He had a innovative strategy of writing, which is why he became widely regarded and famous. Walt Whitman liked to transform something simple into a complicated soup of love and tranquility, and sometimes personification. For example his poem, “I saw in Louisiana a live-oak growing,” made a simple mossy tree into a personified being whom never sought love. “But I wonder'd how it could utter joyous leaves, standing alone there, without its friend, its lover near--for I knew I could not.” He observes this simple tree living that isn’t growing near other trees and almost questions it. How is this tree able to thrive without love, without friendship, when a person can’t. In this poem he uses the repetition tool and repeatedly touches back on the personification and comparison.
Walt Whitman might have been trying to reach an educated crowd. Seldom were his poems were directed towards children. His poems are entertaining but when someone reads them they make you think. The poems tend to go beyond a first glance, which makes you re-read and come back. “Till rising and gliding out I wander'd off by myself, In the mystical moist night-air, and from time to time, Look'd up in perfect silence at the stars.” This poem is in a classroom scene. The professor is giving awesome speeches and everyone is clapping and cheering, while Whitman wanders off. He goes outside to get away from the commotion and adores the simplicity of the night sky rather than hearing it from a professor. After reading the poem a few times you pick up on more and more. You see how he isn’t just expressing his hatred for Astronomy classes, but his love for nature and hidden meaning are usually shown.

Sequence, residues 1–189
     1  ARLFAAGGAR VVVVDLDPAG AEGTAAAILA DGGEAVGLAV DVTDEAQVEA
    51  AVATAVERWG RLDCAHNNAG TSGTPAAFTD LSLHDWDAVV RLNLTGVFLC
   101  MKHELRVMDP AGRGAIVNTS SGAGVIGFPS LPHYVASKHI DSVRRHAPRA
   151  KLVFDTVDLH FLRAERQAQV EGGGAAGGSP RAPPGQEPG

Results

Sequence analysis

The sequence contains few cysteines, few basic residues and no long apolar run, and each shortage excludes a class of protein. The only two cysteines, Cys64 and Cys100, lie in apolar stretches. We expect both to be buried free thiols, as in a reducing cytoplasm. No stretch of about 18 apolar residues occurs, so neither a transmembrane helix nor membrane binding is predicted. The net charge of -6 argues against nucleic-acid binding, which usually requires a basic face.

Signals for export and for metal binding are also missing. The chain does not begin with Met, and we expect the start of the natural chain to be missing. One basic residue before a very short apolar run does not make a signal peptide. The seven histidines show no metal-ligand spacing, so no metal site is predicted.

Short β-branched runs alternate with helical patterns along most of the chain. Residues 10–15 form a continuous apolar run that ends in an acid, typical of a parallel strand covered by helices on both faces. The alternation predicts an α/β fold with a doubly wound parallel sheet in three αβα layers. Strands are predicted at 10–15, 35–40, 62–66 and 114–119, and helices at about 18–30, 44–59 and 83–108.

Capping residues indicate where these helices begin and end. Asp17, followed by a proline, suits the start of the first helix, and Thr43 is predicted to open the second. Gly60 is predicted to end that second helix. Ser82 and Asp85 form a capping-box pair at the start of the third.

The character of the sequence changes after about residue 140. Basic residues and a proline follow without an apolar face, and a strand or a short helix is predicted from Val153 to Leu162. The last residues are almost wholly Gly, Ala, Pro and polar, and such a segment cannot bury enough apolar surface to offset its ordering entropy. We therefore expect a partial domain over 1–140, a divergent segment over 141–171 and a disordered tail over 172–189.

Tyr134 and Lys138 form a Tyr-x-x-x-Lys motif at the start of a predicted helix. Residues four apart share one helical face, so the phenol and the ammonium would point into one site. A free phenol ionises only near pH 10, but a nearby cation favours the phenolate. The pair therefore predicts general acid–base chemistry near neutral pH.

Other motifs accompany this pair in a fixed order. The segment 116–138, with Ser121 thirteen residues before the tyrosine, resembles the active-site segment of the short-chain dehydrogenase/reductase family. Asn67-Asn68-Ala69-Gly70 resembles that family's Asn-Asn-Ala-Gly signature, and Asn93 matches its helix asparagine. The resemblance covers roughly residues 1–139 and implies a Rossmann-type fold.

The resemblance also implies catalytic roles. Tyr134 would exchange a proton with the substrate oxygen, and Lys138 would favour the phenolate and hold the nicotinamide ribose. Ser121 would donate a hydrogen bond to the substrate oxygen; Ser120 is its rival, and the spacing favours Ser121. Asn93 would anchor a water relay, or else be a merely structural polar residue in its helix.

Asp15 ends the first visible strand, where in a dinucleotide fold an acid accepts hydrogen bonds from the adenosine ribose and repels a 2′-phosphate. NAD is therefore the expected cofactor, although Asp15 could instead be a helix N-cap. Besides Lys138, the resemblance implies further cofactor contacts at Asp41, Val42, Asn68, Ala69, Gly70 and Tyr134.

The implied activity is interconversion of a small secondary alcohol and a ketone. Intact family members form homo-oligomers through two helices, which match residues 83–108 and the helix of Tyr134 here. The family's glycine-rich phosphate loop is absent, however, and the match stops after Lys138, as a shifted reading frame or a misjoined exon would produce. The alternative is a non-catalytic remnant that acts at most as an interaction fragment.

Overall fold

Walt Whitman’s attention to the little details of love are a large part of his writing style. He can express his own love, the way he feels connected with the things around him, or elaborately show the delicate feelings a father shares with his daughter. In his poem, “On the beach at night,” a father lovingly calms. “Weep not, child, Weep not, my darling,

With these kisses let me remove your tears.” He is able to capture a sensitive part of being a father which is protecting a child. Walt Whitman shows he is able to possess a high amount of love for everything in his poems.

I’ve enjoyed my work with Walt Whitman. It’s easy to realize now how he became so famous. Any reader can will find that his complex style and recurring themes makes him especially easy to read and think about.